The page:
The terminology you used had me confused, when you said that 30P gets created from 24P. 30P is unrelated to 24P of course, and the CCD actually runs at the 30-frame-progressive scan rate to create the 30P sequence.
Barry Green is offline   Reply With Quote
Old September 9th, 2004, 01:32 PM   #40
Obstreperous Rex
 
Join Date: Jan 2001
Location: San Marcos, TX
Posts: 26,900
Images: 513
Thanks Barry, and let's all please remember that what happens in the camera head is a different thing than what happens in the tape transport. The 24P mode produces the temporal motion of 24 frames per second; maybe the tape transport can't tell the difference but our eyes can. Think of it in the same way as progessive vs. interlace: progressive video is recorded to tape as interlace, except the two separate fields are no longer 1/60th of a second apart (okay, 1/50th for you PAL folks). Does it LOOK like interlace? Heck no, it looks like progessive because that's what it is in the camera head. Just like 24P looks like 24P, because it is 24P, forget about how the tape transport writes it (the only real question is which method you want, 2:3 vs. 2:3:3:2).
__________________
CH

Search DV Info Net | DV Info Net Sponsors | A Decade (+5) of DVi | ...Tuesday is Soylent Green Day!
Chris Hurd is offline   Reply With Quote
Old September 20th, 2004, 09:10 AM   #41
Major Player
 
Join Date: Sep 2004
Location: Stamford, CT United States
Posts: 212
Question about 24p modes on XL2...

Hello all,

The XL2 gives you two options for capturing footage at 24p: 2:3 and 2:3:3:2 (I think I typed that right). I'm interested in shooting in 16:9 at 24p and editing in Final Cut HD. I did some test footage at 24p using the default settin of 2:3 and was able to edit it in Final Cut. I subsequently read that the 2:3:3:2 pull down mode was NLE "friendly". I'm not really sure what the difference is or which way I should have the camera set.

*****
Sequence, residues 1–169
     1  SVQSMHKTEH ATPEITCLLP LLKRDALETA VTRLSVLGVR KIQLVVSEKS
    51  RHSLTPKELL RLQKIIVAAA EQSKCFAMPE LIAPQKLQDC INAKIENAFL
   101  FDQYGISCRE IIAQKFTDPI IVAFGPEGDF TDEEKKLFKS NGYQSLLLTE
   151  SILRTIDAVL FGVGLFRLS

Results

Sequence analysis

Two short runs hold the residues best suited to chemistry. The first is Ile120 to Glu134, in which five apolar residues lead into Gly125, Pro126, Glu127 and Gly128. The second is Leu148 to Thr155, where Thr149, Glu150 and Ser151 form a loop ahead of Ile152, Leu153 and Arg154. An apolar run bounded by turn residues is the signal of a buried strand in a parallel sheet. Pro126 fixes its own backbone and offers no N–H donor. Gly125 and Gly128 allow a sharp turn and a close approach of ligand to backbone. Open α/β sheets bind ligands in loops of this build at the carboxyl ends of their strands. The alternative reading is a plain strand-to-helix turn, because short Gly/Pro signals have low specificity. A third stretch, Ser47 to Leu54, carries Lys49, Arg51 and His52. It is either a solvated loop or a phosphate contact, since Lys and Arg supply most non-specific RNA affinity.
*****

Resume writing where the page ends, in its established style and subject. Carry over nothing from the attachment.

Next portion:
Any insight is appreciated.

Matthew
Matthew Cherry is offline   Reply With Quote
Old September 20th, 2004, 09:34 AM   #42
 
Join Date: Nov 2001
Location: santa fe, nm
Posts: 3,264
Images: 10
2;3 is pulldown for ultimate distribution to Video.
2;3:3;2 is pulldown for ultimate transfer to film.

The frame duplication pattern is "undoable in 2:3:3:2, while it is more or less permanent for 2:3. IVTC works on 2:3:3:2.
Bill Ravens is offline   Reply With Quote
Old September 20th, 2004, 10:30 AM   #43
Major Player
 
Join Date: Sep 2004
Location: Stamford, CT United States
Posts: 212
Thank you!
Matthew Cherry is offline   Reply With Quote
Old September 28th, 2004, 03:12 PM   #44
Regular Crew
 
Join Date: Sep 2004
Location: Austin Texas
Posts: 162
Images: 3
24P And Slow Motion Question

I have yet to experiment but this has been something I've wondered for awhile and more so since getting a camera capable of 24p.

Seems to me if you wanted to slow motion some of your footage that was shot in 24p you would get quite the stagger as there are less frames in the mix. As I understand it in film when planning on doing slow motion they speed up the camera so they have more frames. With this in mind, if you were planning on doing some slow motion would you be better to shoot that in 60p ? In theory this seems to make sense but from what I've seen on television shows that use home movie type footage, when slowed down it still looks like a slowed down camcorder. We know that 60p innately has more of a " camcorder " look than 30 or 24p, but shouldn't it be a close match when slowed or stretched ?

Would love to hear what some of you might know about this.

- Ray
__________________
www.undergroundplanet.com
Raymond Schlogel is offline   Reply With Quote
Old September 28th, 2004, 04:00 PM   #45
Trustee
 
Join Date: Sep 2002
Location: Boston, MA
Posts: 1,564
how can one shoot 60p?
__________________
bow wow wow
Yi Fong Yu is offline   Reply
Reply

DV Info Net refers all where-to-buy and where-to-rent questions exclusively to these trusted full line dealers and rental houses...

Professional Video
(800) 833-4801
Portland, OR

B&H Photo Video
(866) 521-7381
New York, NY

Z.G.C.
(973) 335-4460
Mountain Lakes, NJ

Abel Cine Tech
(888) 700-4416
N.Y. NY & L.A. CA

Precision Camera
(800) 677-1023
Austin, TX

DV Info Net also encourages you to support local businesses and buy from an authorized dealer in your neighborhood.
  You are here: DV Info Net > Canon EOS / MXF / AVCHD / HDV / DV Camera Systems > Canon HDV and DV Camera Systems > Canon XL and GL Series DV Camcorders

Thread Tools Search this Thread
Search this Thread:

Advanced Search

 



Google
 

All times are GMT -6. The time now is 09:27 PM.


DV Info Net -- Real Names, Real People, Real Info!
1998-2017 The Digital Video Information Network